Security Guards Lack Mental Health Support
In the spring of 2020 researchers at Portsmouth University found that 40% of security guards in the UK were suffering from Post Traumatic Stress Disorder (PTSD), after being exposed to verbal and physical abuse.
40% of 750 workers were showing symptoms of PTSD. The research also showed that:
6% suffered verbal abuse at least once a month (50% of these were as often as once a week)
43% reported threats of violence at least once a month (10% were getting threatened daily)
More than 30% reported some kind of physical assault in the workplace once a year. (Almost 10% reported a minor physical assault at least once a month)
“With 40% of those surveyed exhibiting symptoms of PTSD, it leaves a very clear message that the issue of mental health is not currently being taken seriously by security managers,” says Professor Mark Button, Professor of Criminology in the Institute of Criminal Justice.
There is talk in the security industry about the issue of mental health, but many organisations still struggle to understand what they need to do to protect their staff from the effects of trauma.
Everyone reacts differently to a disturbing event and we can never predict how someone will feel. Short term it is normal for people to react with feelings of shock, anger, distress and disrupted sleep, for example. However, when these negative symptoms persist it may result in PTSD.
Post Traumatic Stress Disorder is an anxiety disorder where someone may experience sleep disturbance, irregular heartbeats and sweats. PTSD can cause a high-arousal ‘fight or flight‘ response that cannot be turned off or gets switched on inappropriately, such as in nightmares and terrifying flashbacks. Those who suffer from PTSD may also react in an angry or violent matter to something perfectly minor at work or home, a ramification all security managers should be aware of as it can lead to inappropriate reaction by security personnel to what to others would be minor incidents.
Sufferers may turn to alcohol or drugs to dampen their response and may avoid getting help from their GP as they will fear it impacting future job prospects.
“The nature of the work often means security staff have little control over the demands of their work environment which is a high-risk factor for job stress. Male-dominated industries such as the security industry are particularly at risk because men are less likely than women to take action if they’re having a rough time” says Kate Carnell, CEO of beyondblue, a mental health organisation.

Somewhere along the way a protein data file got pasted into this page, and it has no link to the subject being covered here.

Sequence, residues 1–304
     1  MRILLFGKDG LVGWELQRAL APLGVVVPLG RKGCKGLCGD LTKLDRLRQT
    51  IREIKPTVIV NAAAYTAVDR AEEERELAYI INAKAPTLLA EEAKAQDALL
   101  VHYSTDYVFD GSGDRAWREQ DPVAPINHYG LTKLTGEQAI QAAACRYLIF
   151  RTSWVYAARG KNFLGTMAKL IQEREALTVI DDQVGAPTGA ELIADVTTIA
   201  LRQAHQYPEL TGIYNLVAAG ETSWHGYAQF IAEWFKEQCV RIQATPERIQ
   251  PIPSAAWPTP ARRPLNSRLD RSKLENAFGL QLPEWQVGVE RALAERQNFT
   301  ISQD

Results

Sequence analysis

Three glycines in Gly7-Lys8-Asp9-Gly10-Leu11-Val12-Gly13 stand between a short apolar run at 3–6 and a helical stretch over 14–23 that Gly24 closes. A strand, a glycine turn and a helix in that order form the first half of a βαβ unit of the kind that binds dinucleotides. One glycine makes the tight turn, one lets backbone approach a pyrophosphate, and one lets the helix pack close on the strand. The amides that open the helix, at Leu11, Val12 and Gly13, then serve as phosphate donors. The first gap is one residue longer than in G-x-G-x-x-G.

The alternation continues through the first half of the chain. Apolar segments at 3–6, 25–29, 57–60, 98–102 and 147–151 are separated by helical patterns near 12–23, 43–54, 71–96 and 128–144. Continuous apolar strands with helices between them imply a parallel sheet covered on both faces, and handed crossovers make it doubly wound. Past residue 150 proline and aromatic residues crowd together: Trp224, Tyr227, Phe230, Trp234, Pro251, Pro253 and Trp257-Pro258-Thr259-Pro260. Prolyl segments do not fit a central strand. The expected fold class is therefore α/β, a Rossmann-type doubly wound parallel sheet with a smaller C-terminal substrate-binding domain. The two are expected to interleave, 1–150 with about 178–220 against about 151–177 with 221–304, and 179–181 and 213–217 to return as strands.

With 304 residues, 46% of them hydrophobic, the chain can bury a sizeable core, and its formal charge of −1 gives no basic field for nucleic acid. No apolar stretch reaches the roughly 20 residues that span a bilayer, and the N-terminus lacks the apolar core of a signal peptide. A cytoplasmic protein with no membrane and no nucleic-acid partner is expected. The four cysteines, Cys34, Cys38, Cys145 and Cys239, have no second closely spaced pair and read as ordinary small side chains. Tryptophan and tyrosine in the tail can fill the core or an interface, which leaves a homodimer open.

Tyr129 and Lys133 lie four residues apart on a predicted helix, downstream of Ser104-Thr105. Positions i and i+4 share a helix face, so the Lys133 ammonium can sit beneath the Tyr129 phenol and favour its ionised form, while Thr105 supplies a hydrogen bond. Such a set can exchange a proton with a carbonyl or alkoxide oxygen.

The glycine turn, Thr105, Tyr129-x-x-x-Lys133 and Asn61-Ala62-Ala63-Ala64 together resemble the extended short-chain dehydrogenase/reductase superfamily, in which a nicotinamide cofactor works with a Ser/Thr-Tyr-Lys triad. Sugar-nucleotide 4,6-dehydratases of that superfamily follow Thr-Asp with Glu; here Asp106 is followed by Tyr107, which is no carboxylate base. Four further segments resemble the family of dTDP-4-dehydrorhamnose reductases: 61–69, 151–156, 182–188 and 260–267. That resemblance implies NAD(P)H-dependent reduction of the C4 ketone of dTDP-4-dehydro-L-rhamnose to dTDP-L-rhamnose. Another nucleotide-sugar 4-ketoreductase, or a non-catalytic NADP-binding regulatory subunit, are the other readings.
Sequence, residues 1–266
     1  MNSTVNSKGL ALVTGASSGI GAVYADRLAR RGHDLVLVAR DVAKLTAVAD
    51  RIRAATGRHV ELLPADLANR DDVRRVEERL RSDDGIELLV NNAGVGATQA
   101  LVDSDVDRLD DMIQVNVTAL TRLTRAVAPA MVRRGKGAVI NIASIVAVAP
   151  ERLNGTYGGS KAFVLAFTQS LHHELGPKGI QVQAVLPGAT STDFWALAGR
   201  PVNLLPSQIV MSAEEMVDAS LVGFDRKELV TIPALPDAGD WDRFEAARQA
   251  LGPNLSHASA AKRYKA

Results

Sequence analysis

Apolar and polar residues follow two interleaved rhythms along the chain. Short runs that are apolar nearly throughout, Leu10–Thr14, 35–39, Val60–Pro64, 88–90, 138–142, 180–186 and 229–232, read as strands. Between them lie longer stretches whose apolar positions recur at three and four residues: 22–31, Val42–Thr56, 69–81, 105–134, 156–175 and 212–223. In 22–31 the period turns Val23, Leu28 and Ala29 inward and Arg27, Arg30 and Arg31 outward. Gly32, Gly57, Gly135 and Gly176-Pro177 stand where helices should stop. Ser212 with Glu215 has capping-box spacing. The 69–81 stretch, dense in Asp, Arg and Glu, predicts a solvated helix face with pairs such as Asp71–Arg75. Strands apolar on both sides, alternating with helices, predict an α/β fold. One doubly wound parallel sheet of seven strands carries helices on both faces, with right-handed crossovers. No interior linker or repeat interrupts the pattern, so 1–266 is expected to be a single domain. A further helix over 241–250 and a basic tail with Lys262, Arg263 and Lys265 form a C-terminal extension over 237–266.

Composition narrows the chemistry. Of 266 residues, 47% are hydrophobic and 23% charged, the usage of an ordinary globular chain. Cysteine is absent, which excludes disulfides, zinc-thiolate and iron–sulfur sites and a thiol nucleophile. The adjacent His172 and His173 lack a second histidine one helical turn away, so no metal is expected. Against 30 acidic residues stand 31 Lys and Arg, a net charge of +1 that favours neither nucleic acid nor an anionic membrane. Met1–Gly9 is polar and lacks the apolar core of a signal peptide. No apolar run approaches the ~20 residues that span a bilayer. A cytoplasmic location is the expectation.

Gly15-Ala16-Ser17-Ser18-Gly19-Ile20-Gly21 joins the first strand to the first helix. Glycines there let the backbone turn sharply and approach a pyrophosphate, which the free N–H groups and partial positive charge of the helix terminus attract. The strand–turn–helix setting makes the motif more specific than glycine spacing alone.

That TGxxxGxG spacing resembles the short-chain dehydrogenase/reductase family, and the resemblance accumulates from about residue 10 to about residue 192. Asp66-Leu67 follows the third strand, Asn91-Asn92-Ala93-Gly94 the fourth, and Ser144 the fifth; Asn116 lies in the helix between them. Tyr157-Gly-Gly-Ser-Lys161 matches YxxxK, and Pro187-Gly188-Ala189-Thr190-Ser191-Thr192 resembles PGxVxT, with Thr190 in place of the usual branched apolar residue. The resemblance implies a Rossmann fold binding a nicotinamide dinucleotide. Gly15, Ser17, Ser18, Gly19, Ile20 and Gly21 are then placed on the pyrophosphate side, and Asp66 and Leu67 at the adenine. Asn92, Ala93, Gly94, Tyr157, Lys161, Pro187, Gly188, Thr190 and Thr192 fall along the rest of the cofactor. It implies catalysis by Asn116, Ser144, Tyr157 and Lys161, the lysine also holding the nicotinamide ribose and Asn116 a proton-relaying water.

There is still a massive stigma around those who suffer from mental illness as being weak and this stigma is often worse for those in industries like security. Some people may struggle to come forward and disclose their mental health struggles. Displays of emotional responses to work-related scenarios are often regarded as the person being weak or not fit to work their job.
Most trained staff will adapt over time and come to terms with what has happened. Post-event debriefing is becoming regarded as essential and should allow everyone involved to get the help they need.
It’s also important that relevant managers and HR staff are trained to understand and identify the symptoms of trauma so that they can talk to a staff member and request further help or treatment if necessary. To meet this need, the charity PTSD Resolution runs half-day and full-day courses in TATE (Trauma Awareness Training for Employers).
PTSD Resolution provides online training sessions to individuals and organisations which are designed to teach attendees about the key understandings of trauma and how to both prevent and recover from symptoms of post-traumatic stress.
Overall there should be a raised awareness that anyone could suffer from a mental illness. Security guards of all ranks should be educated on the signs, symptoms and treatment of PTSD –it makes business sense.
In an emergency, for an immediate response, call 999 or the Samaritans on 116 123; or contact your GP, crisis team or A&E.
University of Portsmouth